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ARS Home » Midwest Area » Ames, Iowa » National Animal Disease Center » Food Safety and Enteric Pathogens Research » Research » Publications at this Location » Publication #349480

Research Project: Characterization of Colonization of Shiga Toxin-producing Escherichia coli (STEC) in Cattle and Strategies for Effective Preharvest Control

Location: Food Safety and Enteric Pathogens Research

Title: Recto-anal junction (RAJ) microbiota composition in Escherichia coli O157:H7 shedding cattle

Author
item Mir, Raies - Orise Fellow
item Sharma, Vijay
item Schaut, Robert - Orise Fellow
item Looft, Torey
item Allen, Heather
item Kudva, Indira

Submitted to: Meeting Abstract
Publication Type: Abstract Only
Publication Acceptance Date: 3/15/2018
Publication Date: N/A
Citation: N/A

Interpretive Summary:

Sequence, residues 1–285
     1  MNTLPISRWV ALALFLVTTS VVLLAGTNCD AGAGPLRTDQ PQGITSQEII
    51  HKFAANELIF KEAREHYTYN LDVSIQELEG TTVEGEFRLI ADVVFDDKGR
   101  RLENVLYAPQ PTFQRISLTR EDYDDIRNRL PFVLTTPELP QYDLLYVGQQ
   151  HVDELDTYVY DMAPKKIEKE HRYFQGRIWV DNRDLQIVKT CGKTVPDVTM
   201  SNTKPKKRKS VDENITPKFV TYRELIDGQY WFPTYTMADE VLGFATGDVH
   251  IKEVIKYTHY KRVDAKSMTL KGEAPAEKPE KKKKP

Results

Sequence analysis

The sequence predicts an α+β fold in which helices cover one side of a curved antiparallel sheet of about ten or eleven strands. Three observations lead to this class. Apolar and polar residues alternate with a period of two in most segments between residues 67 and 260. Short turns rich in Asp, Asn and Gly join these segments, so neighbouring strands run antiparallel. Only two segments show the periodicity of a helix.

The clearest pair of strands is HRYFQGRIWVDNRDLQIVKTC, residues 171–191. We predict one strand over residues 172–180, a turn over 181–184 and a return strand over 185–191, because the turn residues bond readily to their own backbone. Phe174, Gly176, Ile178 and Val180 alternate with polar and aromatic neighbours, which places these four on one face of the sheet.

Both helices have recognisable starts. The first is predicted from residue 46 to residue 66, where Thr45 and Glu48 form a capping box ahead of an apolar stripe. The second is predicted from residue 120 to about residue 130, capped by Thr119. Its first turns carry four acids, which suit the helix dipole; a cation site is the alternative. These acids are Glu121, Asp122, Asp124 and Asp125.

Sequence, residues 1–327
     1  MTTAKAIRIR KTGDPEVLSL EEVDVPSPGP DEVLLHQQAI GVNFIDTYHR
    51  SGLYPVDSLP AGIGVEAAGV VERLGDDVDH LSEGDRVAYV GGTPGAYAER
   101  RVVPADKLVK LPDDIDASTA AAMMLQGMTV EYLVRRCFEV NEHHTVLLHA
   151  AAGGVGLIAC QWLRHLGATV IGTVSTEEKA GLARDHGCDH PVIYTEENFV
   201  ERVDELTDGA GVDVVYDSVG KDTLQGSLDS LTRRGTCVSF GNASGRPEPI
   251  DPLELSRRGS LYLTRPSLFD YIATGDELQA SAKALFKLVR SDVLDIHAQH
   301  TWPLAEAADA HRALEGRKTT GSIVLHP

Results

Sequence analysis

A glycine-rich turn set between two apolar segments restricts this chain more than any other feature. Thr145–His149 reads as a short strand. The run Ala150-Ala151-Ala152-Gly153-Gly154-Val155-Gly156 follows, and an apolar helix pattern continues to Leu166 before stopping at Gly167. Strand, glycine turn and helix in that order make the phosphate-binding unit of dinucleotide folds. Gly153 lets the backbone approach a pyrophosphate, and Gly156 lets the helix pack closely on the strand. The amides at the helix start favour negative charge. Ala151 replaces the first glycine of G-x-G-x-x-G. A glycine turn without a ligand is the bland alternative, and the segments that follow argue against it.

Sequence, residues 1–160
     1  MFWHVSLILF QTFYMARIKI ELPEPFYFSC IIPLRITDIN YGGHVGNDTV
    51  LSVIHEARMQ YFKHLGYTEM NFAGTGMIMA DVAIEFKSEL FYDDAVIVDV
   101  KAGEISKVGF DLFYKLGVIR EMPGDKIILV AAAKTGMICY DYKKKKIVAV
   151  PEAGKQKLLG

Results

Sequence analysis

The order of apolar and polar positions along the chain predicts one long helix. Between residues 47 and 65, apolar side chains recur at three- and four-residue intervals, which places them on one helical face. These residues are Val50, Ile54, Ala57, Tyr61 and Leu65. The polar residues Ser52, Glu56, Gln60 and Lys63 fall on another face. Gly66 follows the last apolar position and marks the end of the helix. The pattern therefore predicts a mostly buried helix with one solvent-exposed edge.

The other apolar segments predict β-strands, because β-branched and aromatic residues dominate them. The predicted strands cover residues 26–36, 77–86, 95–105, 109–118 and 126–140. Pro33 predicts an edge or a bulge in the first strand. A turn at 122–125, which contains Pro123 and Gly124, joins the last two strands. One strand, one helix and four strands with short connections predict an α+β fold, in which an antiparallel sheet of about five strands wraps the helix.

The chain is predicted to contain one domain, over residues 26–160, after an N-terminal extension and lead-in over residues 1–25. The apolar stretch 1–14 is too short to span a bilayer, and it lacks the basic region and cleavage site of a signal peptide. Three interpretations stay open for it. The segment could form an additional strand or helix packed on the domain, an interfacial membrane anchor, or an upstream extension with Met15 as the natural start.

Technical Abstract: Introduction: Cattle are the asymptomatic reservoirs of Escherichia coli O157:H7 (O157) that tend to preferentially colonize the bovine recto-anal junction (RAJ). Therefore, understanding the taxonomic profile, microbial diversity, and microbiota-O157 interactions at the RAJ could give insights into O157 colonization in cattle and their persistence at this site. Purpose: In this pilot study, we sought to determine if O157 colonization was associated with microbiota changes at the RAJ of cattle experimentally challenged with O157 in comparison to non-challenged cattle. Methods: Four Jersey steers were orally challenged with 10 to the power of 10 CFU of a streptomycin-resistant O157 strain 86-24, and four steers were mock-challenged. RAJ mucosal swab (RAMS) samples were collected from all steers at 20 different time points and plated on sorbitol-MacConkey agar containing streptomycin and potassium tellurite, directly or after enrichment, to detect O157 colonization. DNA was also extracted from RAMS (n equals 160) and used for sequencing the V4 region of microbial 16S rRNA gene on Miseq platform (Illumina®) to determine taxonomic profiles and assess microbial diversity using the CLC microbial genomics module (Qiagen®). Results: The Chao1 species richness (but not the Shannon Index) increased in samples collected after O157 challenge. The Firmicutes to Bacteroidetes (F: B) ratio and relative abundance of Proteobacteria were not associated with O157 colonization. Analysis of taxonomic assignments indicated significantly higher representation of the families Fusobacteriaceae and Paenibacillaceae in O157 shedding cattle. We also observed increased representation of Solibacillus and Eubacterium genera in non-shedding cattle. There was no difference in the beta-diversity between control and test samples before O157 challenge but the microbial diversity was significantly different between the two groups after O157 challenge. Significance: This study explores changes in microbiota composition at the bovine RAJ after O157 colonization, and understanding these changes may help develop strategies to reduce O157 colonization in cattle.